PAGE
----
A little over two years ago, we wrote about singer Marian Call and the fact that she did a bunch of experiments that helped her connect with fans and give them a reason to buy. As we noted, what she demonstrated is that it takes a lot of experiments to figure out what "works" for a particular creator and their fans. Some ideas will fail, and some will succeed. Since that time, I've checked in here and there on her career and it seems to be going great. I'd missed, however, that she launched a Kickstarter campaign last month, and thankfully Aaron deOliveira clued me in, thanks to a blogpost on Popehat about Marian Call's Kickstarter campaign, which has a few really cool features. So many artists are doing Kickstarter campaigns these days, that there's usually not that much to write about with them. But Marian (not surprisingly, given her willingness to test out "crazy" ideas, decided to take things a bit further with Kickstarter, and turn it into even more of a game than it normally is.
That is, she created Marian Call's European Adventure Quest, in which she effectively "gamified" Kickstarter, such that the more she earned, the more levels would be "unlocked." The main idea was that she would tour Europe and record a live album, but the more she raised, the more places she would visit and the more cover songs she would do (she usually does originals, but people have requested covers, and she was worried about the licensing fees if she didn't raise money in support). She's even got some nice retro video game graphics to show her progress:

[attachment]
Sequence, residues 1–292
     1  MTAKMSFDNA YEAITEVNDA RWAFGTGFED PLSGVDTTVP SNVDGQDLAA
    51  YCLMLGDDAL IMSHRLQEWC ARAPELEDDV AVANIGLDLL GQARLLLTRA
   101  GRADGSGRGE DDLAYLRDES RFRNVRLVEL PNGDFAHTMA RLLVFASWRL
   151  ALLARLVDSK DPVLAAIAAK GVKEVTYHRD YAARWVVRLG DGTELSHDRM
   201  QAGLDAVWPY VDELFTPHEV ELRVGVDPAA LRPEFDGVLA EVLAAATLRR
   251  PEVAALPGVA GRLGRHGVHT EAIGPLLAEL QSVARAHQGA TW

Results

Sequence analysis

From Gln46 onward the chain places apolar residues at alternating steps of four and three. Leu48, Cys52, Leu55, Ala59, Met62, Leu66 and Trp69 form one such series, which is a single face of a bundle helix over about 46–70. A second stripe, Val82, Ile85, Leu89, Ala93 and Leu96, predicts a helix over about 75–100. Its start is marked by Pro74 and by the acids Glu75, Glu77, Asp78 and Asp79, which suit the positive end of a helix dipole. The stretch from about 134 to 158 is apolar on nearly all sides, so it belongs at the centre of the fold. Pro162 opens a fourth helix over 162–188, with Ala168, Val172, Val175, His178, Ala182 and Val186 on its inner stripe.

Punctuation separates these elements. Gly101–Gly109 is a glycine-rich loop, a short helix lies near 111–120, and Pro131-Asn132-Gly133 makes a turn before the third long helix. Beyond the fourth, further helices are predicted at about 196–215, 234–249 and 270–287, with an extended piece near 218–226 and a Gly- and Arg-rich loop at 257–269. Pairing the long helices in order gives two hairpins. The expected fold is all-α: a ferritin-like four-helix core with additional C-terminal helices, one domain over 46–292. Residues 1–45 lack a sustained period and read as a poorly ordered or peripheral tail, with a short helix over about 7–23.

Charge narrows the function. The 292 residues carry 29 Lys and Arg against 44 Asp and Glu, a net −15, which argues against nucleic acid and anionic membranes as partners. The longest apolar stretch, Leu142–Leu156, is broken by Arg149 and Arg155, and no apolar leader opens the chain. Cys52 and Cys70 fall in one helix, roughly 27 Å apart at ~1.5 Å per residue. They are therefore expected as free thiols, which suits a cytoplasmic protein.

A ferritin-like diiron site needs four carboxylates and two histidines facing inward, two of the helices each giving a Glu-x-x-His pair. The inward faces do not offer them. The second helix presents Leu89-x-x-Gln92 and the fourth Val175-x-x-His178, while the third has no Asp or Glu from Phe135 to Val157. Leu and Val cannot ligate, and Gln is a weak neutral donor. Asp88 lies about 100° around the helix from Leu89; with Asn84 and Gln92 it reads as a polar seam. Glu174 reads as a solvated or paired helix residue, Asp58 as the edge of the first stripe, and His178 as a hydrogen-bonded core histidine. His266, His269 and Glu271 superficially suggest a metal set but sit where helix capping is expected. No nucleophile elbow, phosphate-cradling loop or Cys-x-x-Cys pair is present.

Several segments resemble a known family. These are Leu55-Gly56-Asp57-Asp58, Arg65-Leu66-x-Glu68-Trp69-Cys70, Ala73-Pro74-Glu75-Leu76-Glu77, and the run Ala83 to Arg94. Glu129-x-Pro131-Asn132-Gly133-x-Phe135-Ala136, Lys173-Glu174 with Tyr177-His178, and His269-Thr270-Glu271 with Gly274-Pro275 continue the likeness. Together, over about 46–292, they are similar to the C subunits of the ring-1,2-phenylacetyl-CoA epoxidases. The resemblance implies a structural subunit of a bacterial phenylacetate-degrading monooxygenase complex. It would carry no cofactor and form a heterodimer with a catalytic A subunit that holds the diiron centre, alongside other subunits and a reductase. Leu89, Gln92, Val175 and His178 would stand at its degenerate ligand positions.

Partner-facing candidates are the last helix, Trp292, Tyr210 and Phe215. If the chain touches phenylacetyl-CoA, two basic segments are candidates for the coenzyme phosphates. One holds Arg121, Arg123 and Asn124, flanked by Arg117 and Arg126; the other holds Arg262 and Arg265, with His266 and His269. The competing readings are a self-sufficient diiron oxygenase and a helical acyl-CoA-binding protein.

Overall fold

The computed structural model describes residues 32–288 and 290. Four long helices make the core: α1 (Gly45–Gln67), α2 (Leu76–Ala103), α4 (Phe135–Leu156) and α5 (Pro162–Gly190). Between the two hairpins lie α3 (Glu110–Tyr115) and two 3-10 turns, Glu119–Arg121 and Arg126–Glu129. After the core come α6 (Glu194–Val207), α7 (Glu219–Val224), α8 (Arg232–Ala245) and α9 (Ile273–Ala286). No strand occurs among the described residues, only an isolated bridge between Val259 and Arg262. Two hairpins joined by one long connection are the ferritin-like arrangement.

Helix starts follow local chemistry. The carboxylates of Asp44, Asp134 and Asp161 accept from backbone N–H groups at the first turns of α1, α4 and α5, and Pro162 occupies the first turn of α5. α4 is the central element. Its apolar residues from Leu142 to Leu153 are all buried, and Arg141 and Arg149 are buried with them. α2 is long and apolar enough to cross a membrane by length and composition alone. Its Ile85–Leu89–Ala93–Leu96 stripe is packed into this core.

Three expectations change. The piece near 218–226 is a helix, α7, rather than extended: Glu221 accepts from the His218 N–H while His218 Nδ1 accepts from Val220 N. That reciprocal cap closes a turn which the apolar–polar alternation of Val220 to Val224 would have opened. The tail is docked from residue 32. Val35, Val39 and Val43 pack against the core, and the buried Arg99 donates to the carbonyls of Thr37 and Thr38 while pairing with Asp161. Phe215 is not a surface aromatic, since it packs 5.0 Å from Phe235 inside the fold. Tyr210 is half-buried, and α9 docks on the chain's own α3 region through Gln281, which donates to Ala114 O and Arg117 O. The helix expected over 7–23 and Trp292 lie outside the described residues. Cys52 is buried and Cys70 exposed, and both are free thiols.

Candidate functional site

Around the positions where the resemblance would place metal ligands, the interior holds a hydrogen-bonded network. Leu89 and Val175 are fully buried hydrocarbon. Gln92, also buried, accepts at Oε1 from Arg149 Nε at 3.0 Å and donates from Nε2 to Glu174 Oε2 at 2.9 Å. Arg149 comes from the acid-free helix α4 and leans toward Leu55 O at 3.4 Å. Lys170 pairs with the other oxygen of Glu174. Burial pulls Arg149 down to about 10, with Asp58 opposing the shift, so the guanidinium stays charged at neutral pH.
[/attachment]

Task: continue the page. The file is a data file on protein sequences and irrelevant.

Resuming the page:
The campaign is actually just about to end (within a few hours), but it just recently surpassed $55,000, which means that she'll be performing and recording "Particle Man" by They Might Be Giants... and she'll be doing it live at CERN, which is so awesomely appropriate.